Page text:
WonderCon an attractive alternate to Comic-Con
The overcrowding of Comic-Con in San Diego is starting to have a positive effect on San Francisco sister event WonderCon, with the latter becoming more attractive to the entertainment biz as an alternative venue to promote their projects.
This weekend’s event, kicking off Friday, will feature first looks at tentpoles like Warner Bros.’ “Green Lantern,” Universal and DreamWorks’ “Cowboys and Aliens” and Relativity’s “Immortals”; TV shows like Fox’s “Terra Nova” and BBC America’s “Doctor Who”; and vidgames like Activision’s new “Spider-Man” title, to name a few.
Making the trek to meet with attendees will be cast members, creators and producers including Ryan Reynolds, Jon Favreau, Blake Lively, Peter Sarsgaard, Paul Bettany, Nathan Fillion, Roberto Orci, Logan Lerman, Joe Wright, Mark Verheiden, Scott Stewart, Kellan Lutz and new Superman Henry Cavill.
WonderCon has long been a more intimate affair than Comic-Con, attracting about 39,500 to one of the halls of San Francisco’s Moscone Center. In comparison, Comic-Con drew 126,000 attendees in July to San Diego’s overflowing convention center. WonderCon’s largest ballroom, which hosts the film panels, seats 3,500 compared to the 6,500 that fill Hall H in San Diego. This year marks WonderCon’s 25th anniversary and the 10th installment for Comic-Con Intl., which acquired the event when it was hosted at Oakland’s smaller convention center.
“It’s not a regional show any longer,” said David Glanzer, director of marketing and public relations for Comic-Con Intl. “It’s a national show. We like to call it the comic industry’s biggest little secret. It’s intimate enough where people have a good time but attracts superstar guests.”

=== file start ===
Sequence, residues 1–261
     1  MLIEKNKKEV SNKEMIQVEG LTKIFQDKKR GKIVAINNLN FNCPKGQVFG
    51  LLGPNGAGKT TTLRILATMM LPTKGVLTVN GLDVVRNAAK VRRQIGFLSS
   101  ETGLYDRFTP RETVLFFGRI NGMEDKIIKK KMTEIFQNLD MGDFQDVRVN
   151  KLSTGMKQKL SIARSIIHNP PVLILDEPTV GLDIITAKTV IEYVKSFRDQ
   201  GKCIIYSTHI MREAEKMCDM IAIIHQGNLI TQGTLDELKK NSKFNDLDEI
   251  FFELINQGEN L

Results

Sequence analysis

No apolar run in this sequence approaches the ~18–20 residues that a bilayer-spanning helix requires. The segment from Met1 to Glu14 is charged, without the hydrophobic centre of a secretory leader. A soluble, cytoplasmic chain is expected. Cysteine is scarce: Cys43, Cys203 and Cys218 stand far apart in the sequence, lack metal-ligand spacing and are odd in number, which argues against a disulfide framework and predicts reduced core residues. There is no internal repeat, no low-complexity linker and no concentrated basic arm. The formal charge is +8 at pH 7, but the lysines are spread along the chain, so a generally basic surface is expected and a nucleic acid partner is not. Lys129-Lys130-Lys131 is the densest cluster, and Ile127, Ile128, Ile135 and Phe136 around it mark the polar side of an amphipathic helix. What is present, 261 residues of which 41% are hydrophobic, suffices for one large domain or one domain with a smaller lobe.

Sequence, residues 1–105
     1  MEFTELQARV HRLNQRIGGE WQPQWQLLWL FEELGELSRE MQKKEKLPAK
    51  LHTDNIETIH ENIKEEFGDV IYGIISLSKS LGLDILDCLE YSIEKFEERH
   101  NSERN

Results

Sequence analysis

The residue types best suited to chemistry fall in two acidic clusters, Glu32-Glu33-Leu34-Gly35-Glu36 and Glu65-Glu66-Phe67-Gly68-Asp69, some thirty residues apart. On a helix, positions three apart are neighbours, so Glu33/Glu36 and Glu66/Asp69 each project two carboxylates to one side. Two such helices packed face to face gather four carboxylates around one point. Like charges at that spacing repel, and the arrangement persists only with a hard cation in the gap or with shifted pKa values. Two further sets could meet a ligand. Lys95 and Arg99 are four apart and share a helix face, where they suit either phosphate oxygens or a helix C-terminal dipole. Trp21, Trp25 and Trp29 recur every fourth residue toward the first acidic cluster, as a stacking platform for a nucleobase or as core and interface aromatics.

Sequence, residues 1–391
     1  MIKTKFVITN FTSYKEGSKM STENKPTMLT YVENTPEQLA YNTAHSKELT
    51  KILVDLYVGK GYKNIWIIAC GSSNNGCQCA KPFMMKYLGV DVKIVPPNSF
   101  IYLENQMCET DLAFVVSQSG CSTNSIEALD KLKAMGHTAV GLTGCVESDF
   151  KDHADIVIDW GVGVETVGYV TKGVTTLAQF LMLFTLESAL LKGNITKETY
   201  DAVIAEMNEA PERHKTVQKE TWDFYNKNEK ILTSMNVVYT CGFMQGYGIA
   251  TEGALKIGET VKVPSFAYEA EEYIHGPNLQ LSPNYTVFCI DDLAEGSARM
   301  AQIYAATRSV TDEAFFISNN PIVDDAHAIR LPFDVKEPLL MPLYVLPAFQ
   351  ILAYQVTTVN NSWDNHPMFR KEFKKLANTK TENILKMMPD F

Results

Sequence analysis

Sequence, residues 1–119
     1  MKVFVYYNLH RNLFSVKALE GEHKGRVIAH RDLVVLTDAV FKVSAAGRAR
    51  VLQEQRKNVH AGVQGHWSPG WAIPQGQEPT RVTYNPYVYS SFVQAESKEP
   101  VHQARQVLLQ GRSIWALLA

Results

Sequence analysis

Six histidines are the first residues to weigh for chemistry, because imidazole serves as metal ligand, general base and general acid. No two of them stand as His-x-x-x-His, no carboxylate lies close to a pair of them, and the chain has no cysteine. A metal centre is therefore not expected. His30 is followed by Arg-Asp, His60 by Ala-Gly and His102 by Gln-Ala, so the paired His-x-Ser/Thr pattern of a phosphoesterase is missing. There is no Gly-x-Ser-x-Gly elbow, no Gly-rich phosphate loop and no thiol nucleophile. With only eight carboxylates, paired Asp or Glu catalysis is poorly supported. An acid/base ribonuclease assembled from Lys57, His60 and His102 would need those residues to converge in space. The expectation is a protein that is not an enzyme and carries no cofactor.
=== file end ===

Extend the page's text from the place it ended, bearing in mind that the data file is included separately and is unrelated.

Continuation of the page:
Because of the sheer number of fans that studios can reach at one time, San Diego Comic-Con has turned into a key platform through which Hollywood can launch buzz-building campaigns around upcoming movies, TV shows, games and other entertainment properties.
But with so many projects heading down the coast each year, it’s getting harder for projects to stand out and get noticed.
At the same time, with so many tentpoles on the sked in May or June, films need to produce panels a year before their release, often leaving filmmakers with little to show in terms of footage.
WonderCon’s April berth on the calendar is enabling marketers to deal with some of that scheduling.
For example, “Green Lantern’s” extensive visual effects forced WB to hold off on showing some of the DC Comics adaptation’s key scenes until its Friday panel, which will include star Ryan Reynolds. Pic bows June 17.
Hindered by its own production demands, Relativity couldn’t reveal too much of its warring Greek gods pic “Immortals,” helmed by Tarsem Singh, until WonderCon. Its own panel will be the first fan fest of any kind that its star, Cavill, has attended since landing the lead in WB’s “Superman: Man of Steel.”
“WonderCon is perfect for movies coming out in the summer,” said Peter Adee, president of theatrical marketing and distribution at Relativity. But Relativity saw WonderCon as an opportunity “to get to the early fans and show them what ‘Immortals’ was all about so that they embrace us” once the film comes out Nov. 11.